The Royal Pharmaceutical Society’s ‘Up close and medical’ event on 26 October 2019 invited visitors to gain a better understanding of the history of pharmacy.
'Up close and medical': RPS hosts hands-on event showcasing medical history
The RPS Museum is part of a wider network of medical museums and heritage organisations in London, known as the London Museums of Health and Medicine. Every year the group puts on a public event to showcase the collections of its members and, in 2019, the RPS was the host venue.
On 26 October 2019, the RPS opened its doors to around 80 visitors to get ‘Up close and medical’ with a variety of collections and activities relating to the history of medicine.
Some 13 museums and 2 libraries participated in the event, which spread over the entire ground floor space of the Society’s headquarters. The RPS brought out its pill machine for visitors to have a go at being a Victorian pharmacist.
Getting hands-on experience of how much work was involved in dispensing medicines adds an extra element to people’s understanding of pharmacy history that cannot be replicated in a static display. And the RPS Museum staff say it is always satisfying, as a museum professional, to watch people’s faces as their batches of pills roll into their trays at the end — a mixture of surprise, delight, and comprehension of how the process works.
As well as pill making, visitors learned how to insert a breathing tube into a mannequin brought by the team at the Association of Anaesthetists Heritage Centre. They also tried surgical suturing with the Hunterian Museum at the Royal College of Surgeons. The Science Museum brought along a range of objects to whet people’s appetites ahead of the November 2019 opening of their new medicine galleries.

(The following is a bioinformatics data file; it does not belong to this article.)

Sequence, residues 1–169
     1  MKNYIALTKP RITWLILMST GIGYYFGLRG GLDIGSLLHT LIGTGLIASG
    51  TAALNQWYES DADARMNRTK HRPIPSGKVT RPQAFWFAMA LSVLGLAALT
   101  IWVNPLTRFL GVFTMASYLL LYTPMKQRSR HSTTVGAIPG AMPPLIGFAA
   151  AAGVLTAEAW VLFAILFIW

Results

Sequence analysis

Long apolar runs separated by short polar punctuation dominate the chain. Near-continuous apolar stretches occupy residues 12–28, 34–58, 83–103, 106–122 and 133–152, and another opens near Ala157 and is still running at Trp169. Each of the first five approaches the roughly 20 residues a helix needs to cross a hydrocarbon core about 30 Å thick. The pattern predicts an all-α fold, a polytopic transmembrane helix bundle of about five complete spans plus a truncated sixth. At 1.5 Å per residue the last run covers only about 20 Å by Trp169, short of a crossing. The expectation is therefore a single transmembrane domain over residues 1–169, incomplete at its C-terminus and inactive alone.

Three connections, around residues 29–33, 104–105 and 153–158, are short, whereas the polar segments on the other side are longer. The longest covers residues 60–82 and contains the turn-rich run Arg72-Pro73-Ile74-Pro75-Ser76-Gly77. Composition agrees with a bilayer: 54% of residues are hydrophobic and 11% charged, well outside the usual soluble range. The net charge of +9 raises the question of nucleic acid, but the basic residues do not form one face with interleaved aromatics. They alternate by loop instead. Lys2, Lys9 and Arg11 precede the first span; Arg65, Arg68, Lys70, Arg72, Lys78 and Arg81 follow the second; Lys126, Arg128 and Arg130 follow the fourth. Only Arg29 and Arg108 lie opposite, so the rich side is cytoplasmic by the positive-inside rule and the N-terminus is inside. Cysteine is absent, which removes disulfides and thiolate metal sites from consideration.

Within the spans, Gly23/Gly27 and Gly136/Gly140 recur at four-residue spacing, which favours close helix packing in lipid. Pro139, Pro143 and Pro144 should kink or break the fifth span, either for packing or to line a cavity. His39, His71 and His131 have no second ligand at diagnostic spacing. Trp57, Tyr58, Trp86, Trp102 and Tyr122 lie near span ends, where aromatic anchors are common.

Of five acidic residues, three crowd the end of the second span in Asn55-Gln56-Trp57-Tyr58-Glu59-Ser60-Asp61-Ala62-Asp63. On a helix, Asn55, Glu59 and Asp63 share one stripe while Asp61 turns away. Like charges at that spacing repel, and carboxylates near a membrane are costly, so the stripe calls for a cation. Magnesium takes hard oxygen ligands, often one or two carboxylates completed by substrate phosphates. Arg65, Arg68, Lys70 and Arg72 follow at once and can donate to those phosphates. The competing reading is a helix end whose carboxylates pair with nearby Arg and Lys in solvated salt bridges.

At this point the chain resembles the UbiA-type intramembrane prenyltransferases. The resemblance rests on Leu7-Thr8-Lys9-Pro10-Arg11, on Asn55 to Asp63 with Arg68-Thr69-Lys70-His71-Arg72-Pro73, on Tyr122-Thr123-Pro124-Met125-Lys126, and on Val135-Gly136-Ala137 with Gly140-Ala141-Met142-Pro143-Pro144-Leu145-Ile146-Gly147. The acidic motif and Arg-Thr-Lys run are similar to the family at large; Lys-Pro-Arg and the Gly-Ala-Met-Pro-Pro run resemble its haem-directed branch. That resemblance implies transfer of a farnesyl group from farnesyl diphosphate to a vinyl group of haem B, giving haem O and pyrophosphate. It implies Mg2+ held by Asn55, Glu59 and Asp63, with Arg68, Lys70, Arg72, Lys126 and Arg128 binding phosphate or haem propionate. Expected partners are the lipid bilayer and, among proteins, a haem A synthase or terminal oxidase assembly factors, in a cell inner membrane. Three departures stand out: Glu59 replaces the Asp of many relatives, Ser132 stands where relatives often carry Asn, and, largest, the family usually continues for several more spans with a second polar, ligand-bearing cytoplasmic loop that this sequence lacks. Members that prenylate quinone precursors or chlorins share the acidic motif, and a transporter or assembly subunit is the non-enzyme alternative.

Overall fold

Meanwhile, in the library, the RPS and Royal College of Physicians displayed some gems from their early printed book collections, including a 1485 herbal with hand-coloured illustrations — the oldest book in the RPS Library.
Feedback on the day was very positive, with many people staying the whole afternoon to visit every stall. Lots of visitors also took the opportunity to view the museum displays, which are not usually open to the public on a Saturday.
Overall it was a great success and we’re already looking forward to next year’s event!
Citation: The Pharmaceutical Journal DOI: 10.1211/PJ.2019.20207278
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